Why sports broadcast rights are going up, up, up
ESPN started in 1979 as a small niche network. It lost tens of millions of dollars in its first few years. Its programming was "replete with truck and tractor pulls, slow-pitch softball, women's billiards, rodeos and college swim meets," as The New York Times put it at the time.
After that they began acquiring rights to all the big, popular sports that people want to watch, turning themselves into a $40 billion company in the process.
ESPN president John Skipper told The New York Times last week, "We feel that sports rights are the most valuable commodity in media."
The numbers back that up. In the DVR/Internet Era, live sports are a reminder of the way the TV business used to work. Sports are the only thing you really need to watch live, and one of the last remaining arguments for why you need to subscribe to cable.
ESPN now charges cable companies $5 a month per subscriber, and ratings aren't cratering for sports the way they are for other types of programming. The NBA set record regular season ratings last year, and the NFL has accounted for 55% of all shows that were watched by more than 20 million people from September 2010 to January 2013, according to the AP.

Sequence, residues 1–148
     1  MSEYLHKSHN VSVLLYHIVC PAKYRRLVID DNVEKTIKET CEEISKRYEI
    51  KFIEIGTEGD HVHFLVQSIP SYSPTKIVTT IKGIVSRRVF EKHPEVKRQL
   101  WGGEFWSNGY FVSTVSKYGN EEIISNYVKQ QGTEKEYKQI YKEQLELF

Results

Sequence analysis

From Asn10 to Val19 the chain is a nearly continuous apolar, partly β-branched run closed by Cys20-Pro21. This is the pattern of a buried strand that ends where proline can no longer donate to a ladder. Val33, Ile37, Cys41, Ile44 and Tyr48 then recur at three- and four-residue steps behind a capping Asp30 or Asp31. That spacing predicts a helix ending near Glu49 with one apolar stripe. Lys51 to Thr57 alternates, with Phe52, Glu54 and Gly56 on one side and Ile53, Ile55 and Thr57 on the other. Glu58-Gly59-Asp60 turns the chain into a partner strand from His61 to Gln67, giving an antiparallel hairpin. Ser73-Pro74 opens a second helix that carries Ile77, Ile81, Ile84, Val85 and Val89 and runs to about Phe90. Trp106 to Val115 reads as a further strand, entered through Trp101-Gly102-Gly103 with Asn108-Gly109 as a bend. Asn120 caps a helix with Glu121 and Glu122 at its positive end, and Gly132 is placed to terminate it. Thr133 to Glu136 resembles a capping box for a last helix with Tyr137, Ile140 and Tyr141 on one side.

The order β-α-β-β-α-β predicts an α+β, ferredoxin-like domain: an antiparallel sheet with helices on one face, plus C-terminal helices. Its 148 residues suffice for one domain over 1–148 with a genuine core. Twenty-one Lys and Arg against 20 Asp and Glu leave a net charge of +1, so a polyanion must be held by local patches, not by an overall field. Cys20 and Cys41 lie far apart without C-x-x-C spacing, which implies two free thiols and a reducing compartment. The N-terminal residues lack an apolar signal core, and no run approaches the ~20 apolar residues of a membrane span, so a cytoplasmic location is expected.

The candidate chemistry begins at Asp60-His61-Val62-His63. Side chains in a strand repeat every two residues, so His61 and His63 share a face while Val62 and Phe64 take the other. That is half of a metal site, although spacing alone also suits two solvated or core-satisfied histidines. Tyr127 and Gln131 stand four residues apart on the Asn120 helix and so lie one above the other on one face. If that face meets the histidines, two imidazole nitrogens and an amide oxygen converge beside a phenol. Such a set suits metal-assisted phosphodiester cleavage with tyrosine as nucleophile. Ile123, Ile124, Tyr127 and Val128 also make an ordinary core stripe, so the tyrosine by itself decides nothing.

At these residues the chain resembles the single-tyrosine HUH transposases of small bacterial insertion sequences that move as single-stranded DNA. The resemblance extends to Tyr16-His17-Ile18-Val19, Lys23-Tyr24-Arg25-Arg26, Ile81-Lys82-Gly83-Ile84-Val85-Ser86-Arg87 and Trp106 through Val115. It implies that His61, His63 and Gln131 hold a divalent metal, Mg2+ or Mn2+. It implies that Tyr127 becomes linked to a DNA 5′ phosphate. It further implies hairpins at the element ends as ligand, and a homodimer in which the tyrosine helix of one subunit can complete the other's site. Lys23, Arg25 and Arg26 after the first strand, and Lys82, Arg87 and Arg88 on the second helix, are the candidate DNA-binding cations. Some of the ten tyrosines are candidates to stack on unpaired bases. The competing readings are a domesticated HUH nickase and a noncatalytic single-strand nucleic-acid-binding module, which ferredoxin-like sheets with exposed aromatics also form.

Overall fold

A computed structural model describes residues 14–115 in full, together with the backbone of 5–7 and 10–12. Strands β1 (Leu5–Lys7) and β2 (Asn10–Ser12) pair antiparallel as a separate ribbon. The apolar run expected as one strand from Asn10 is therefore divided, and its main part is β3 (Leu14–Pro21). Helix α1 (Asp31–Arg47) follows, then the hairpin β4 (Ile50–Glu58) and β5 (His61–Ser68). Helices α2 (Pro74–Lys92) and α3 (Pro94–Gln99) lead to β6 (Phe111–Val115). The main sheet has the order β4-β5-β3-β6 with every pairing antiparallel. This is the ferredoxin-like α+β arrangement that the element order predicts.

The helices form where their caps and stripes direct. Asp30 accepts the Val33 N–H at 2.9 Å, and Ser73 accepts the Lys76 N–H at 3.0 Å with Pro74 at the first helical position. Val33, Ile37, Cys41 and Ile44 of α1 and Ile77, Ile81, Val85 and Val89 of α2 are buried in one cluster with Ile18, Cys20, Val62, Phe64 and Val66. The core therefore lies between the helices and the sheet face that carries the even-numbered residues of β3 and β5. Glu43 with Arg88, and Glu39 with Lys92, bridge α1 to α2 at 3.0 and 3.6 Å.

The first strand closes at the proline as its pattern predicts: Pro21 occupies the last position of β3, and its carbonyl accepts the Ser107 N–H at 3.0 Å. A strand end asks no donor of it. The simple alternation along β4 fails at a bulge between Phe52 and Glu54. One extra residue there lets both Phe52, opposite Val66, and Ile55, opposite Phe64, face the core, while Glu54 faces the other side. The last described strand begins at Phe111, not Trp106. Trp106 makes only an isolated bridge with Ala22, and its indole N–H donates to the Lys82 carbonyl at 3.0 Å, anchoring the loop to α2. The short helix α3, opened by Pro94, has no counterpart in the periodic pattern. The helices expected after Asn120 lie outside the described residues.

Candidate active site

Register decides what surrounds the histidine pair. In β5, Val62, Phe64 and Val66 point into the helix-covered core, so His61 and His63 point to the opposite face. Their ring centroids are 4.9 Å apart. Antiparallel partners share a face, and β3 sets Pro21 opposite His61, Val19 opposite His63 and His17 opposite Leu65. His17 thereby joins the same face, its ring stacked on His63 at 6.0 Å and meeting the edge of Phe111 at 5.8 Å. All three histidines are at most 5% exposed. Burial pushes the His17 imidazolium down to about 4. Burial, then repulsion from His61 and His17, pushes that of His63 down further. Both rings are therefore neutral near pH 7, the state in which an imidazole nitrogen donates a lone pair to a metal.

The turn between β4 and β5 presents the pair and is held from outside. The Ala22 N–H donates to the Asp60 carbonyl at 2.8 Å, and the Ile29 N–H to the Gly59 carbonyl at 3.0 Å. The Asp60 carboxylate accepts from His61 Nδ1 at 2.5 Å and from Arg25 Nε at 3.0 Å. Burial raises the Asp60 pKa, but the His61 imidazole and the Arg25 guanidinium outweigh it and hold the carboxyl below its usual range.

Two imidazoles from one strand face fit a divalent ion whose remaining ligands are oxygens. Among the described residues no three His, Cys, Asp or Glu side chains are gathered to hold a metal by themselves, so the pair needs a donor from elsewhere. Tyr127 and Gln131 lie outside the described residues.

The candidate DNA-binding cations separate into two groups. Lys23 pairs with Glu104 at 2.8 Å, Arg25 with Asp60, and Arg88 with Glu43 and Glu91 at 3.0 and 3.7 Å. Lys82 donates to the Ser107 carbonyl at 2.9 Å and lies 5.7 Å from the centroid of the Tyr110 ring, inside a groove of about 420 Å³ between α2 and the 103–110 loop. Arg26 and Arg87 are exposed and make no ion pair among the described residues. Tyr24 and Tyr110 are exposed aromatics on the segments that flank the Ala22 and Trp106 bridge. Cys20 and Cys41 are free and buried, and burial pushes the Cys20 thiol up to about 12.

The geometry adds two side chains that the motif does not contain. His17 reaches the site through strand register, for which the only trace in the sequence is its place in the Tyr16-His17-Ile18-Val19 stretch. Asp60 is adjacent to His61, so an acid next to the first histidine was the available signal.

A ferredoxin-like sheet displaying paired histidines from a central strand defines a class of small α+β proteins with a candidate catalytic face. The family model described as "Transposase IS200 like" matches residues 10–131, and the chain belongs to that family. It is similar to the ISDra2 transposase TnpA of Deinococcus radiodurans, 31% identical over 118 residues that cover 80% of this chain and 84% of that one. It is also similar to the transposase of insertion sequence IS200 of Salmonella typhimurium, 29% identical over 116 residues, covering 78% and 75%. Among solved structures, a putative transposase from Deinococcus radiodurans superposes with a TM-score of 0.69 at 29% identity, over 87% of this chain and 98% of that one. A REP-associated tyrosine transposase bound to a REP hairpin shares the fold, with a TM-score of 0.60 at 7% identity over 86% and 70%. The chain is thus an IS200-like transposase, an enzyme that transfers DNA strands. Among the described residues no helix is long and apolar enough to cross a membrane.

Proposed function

Sports haven't gotten dramatically more popular in the last few years, but everything else on TV has gotten less popular — lending new value to the consistent and predictable audience that watches live sports.
Acquiring the rights to sports is the key to everything for ESPN and its competitors. And everyone knows it.
ESPN and its competitors have to pay more for the right to air sports, and profit margins are plunging (and prompting layoffs like we saw this week) as a result.
NBC barely broke even with the 2012 Olympics. That is going to become more and more common as the these networks fight for scraps of live sports.
With each rights deal that NBC Sports, Fox Sports 1, and CBS Sports strike, ESPN loses the very lifeblood that makes it valuable, and its authority to charge such monster cable fees erodes.
What's going to happen?
It looks like ESPN will be OK for the short-term future.
Many of the rights deals they signed in the last year extend to 2020 or later. So the big sports games that are on ESPN now will be on ESPN for a while.
But it's logical to think that their piece of the live sports pie will continue to shrink. NBC Sports and Fox swiped soccer from under ESPN's nose by paying much more than ESPN was paying. These companies need a foothold — they need to give people a reason to watch in their early days — so second-tier sports are more valuable to them than they are to ESPN.
But over a long period of time, these smaller companies chipping away at ESPN's cache of broadcasting rights will make a difference. First it's hockey, then soccer, then the UFC, then smaller college conferences ... it's not inconceivable that one of these days NBC or Fox is going to stage a coup for something big.
It took ESPN 30 years to become a $40-billion juggernaut. It may take just as long for it to be cut down to size.
But the groundwork is there.